What the immigration debate will say about compromise in Washington

Looking for an instance of bipartisanship in Washington? President Obama has one: Congress's immigration reform effort.

"That’s an example of what we can accomplish when we work on a bipartisan basis," Obama said Wednesday night at a Democratic National Committee fundraiser in Miami.

In one sense, he's right. A bipartisan "Gang of Eight" crafted a bill that has made it to the Senate floor with the potential to win votes from Republicans and Democrats. But viewed another way, the most crucial tests of just how bipartisan the reform effort is are only just beginning.

The "Gang of Eight" at an April news conference. (J. Scott Applewhite/AP)

The "Gang of Eight" at an April news conference. (J. Scott Applewhite/AP)

When lawmakers in both parties are willing to step up and help shepherd bipartisan legislation, it's only part of the battle in Congress. For evidence of this, consider the recent gun control debate.

Advocates of stricter gun laws got what they wanted when Sens. Pat Toomey (R-Pa.) and Joe Manchin (D-W.Va.) stepped forward with an amendment to expand background checks. A Republican sponsor? Check. A Democrat with a strong gun-rights record? Check.

Still, the measure failed to win passage. It was a reminder that the most important tests of compromise and bipartisanship come when the final votes are tallied on the House and Senate floors.

And when it comes to immigration reform, it's still not clear what those final tallies will read. Sen. Marco Rubio (R-Fla.), who is in the "Gang of Eight," has warned that the measure needs tighter border security measures. Even moderate Republican Sen. Mark Kirk of Illinois says he won't support the package without a stronger security component.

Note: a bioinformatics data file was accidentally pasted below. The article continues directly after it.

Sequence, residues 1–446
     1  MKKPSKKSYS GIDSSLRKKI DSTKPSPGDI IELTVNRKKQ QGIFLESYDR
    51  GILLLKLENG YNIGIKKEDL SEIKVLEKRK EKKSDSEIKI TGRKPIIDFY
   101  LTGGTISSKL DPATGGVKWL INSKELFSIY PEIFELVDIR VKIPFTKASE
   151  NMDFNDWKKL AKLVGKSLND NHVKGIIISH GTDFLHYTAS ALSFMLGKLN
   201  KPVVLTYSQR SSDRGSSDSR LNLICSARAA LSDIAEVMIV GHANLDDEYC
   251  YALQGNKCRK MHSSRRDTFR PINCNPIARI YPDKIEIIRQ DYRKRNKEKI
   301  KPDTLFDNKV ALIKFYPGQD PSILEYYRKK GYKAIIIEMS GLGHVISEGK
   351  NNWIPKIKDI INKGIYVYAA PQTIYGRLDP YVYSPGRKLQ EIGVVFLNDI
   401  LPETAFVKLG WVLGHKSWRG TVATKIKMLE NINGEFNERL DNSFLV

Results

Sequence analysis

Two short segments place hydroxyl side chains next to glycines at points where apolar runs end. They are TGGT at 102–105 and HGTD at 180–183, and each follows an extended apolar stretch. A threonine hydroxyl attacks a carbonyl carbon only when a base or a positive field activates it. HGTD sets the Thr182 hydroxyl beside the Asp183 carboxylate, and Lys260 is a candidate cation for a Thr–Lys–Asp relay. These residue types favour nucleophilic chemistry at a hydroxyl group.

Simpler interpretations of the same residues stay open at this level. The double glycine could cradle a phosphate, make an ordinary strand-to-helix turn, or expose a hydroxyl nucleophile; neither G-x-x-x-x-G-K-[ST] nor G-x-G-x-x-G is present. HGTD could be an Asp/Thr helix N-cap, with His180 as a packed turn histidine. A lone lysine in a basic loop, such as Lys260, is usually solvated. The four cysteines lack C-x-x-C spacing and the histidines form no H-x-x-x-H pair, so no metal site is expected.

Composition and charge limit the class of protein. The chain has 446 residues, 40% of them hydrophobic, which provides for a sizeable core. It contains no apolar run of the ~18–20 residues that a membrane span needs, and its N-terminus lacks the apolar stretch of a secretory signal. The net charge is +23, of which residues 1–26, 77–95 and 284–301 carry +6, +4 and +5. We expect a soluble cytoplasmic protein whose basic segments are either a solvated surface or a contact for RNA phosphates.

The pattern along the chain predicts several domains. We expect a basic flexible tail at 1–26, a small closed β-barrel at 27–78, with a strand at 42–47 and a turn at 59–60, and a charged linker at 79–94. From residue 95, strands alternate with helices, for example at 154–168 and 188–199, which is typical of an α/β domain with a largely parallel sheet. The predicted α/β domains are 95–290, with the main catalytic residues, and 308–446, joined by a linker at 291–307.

Meanwhile, adding too many amendments favored by conservatives could upset Democrats and damage the delicate balancing act the "Gang of Eight" has cultivated for months. And even if the bill passes the Senate, the Republican-controlled House remains a question mark.

For his part, Obama -- who has reinserted himself into the conversation after taking a hands-off approach for months -- was bullish Wednesday that comprehensive reform can win passage soon.

"I actually am pretty confident that before the summer is over, I can sign into law comprehensive immigration reform that will strengthen our borders, fix our legal immigration system, and make sure that those who are here and are undocumented can earn their way -- in an arduous process, but earn their way -- to be full-fledged members of our country," the president said.

If he's right, then a genuine instance of bipartisanship will have occurred. Without Republican support, Obama simply cannot win what he is asking for. And without some Democratic concessions, Republicans will not sign off. This much is clear.

But if the president doesn't get a bill to his desk, it won't matter in the long run that four Republicans and four Democrats got together in an unprecedented era of polarization to craft a bill palatable to both sides. And what that will say is that even a union of pols from opposite ends of the political spectrum like Rubio and Sen. Charles E. Schumer (D-N.Y.) can be stymied.

How bipartisan is any legislative push? The answer lies ultimately in the end result.

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